I thought I knew Mary Shelley’s Frankenstein. But of course, like most people, I knew about it; I’d seen films, read Frankenstein-related novels, seen Frankenstein-inspired plays, heard about the stormy night Mary Shelley started writing it in the Villa Diodati. It’s one of those stories that are part of our cultural DNA.
When I read it, I realised this is a book with two emotional hearts. It’s a story about the dangers of irresponsible scientific experimentation, about Victor Frankenstein’s obsession, and his terror when he realises what he’s created. But it is as much the Creature’s story: Frankenstein’s poor unhappy creation takes a sizeable part of the narration. Rejection and profound loneliness corrupt his instinct for goodness and affection into hatred and murderous revenge. His appeals to Frankenstein are powerful and moving, and his rage when he understands Frankenstein can never love him is shocking and heart-rending.
I knew my adaptation had to give both Victor Frankenstein and his Creature a voice. But in the book both deliver long, sometimes complex and decidedly wordy speeches. Mary Shelley was fiercely intelligent and extremely well-educated, and she wanted to explore the ethical implications of the exciting scientific discoveries of her day, as well as the ideas around nature and nurture, education, parenthood and responsibility with which she’d grown up.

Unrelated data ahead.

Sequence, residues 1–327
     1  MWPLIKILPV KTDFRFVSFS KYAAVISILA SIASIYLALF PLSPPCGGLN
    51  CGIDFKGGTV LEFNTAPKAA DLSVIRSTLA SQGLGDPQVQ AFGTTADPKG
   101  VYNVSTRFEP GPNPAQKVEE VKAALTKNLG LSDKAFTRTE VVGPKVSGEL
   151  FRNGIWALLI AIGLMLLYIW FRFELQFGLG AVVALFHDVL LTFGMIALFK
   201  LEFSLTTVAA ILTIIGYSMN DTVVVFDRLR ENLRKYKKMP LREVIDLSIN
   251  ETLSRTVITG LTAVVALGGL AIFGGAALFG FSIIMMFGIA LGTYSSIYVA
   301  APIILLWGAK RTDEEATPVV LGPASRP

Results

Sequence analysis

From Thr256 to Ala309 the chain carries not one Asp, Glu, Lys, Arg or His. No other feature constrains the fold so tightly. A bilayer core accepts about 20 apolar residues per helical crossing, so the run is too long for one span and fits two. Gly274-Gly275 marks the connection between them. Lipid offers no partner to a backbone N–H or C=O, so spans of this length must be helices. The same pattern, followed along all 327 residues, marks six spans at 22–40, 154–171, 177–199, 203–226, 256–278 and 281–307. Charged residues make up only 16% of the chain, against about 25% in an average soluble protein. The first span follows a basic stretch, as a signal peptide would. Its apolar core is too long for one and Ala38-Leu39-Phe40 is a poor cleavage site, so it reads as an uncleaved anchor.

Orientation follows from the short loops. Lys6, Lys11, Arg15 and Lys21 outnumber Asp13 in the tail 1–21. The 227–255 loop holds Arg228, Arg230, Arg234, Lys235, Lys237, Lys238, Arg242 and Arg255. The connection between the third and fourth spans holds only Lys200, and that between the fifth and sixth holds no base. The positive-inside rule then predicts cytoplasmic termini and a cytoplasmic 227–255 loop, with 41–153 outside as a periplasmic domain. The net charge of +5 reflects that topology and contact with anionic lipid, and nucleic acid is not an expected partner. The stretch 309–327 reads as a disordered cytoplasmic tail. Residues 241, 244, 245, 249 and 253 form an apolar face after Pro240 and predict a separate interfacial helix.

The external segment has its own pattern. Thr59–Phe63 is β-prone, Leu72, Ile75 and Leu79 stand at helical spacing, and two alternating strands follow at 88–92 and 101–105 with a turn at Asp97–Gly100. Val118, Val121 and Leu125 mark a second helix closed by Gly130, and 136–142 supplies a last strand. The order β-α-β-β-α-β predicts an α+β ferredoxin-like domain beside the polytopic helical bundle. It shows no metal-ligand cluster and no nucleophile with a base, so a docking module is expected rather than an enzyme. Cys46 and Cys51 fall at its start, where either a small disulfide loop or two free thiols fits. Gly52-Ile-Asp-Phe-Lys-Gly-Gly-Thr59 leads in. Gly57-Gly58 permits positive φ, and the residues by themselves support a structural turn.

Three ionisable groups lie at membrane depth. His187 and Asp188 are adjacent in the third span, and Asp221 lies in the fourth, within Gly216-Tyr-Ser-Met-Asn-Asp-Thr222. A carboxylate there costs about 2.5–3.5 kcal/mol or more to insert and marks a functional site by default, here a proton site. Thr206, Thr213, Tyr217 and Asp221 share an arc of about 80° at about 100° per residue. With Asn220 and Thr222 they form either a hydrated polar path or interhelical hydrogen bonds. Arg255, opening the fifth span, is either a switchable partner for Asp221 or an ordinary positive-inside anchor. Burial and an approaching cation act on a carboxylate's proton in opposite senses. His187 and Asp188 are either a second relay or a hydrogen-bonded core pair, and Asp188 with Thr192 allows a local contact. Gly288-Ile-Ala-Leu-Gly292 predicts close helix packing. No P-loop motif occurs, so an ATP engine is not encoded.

The long speeches had to go, as did many of the plot twists and turns that build suspense in the original. My job was to distil the book down so that the plot made sense, whilst keeping as much of the emotional and moral complexity, and the driving sense of impending doom, as I could. I also wanted to make the language simpler without losing its nineteenth-century flavour. I’m an abridger of books for radio, and used to losing anywhere from 70–80 per cent of a novel for reading aloud. Knowing that the performance was only an hour or so concentrated the mind: characters had to be ruthlessly excised, events simplified, dialogue pared to the bone. But the important elements – Victor’s ambition and subsequent horror and despair, the Creature’s passage from ignorance to self-knowledge and violent response, and the symbolism of the cruel, harsh landscapes in which the story unfolds – had to survive. In addition to cutting a swathe through the text, I had to create a sense of drama. Marilyn Imrie, the director, took my script and added her magic. Hopefully, between us, we’ve done justice to Mary Shelley and her extraordinary story.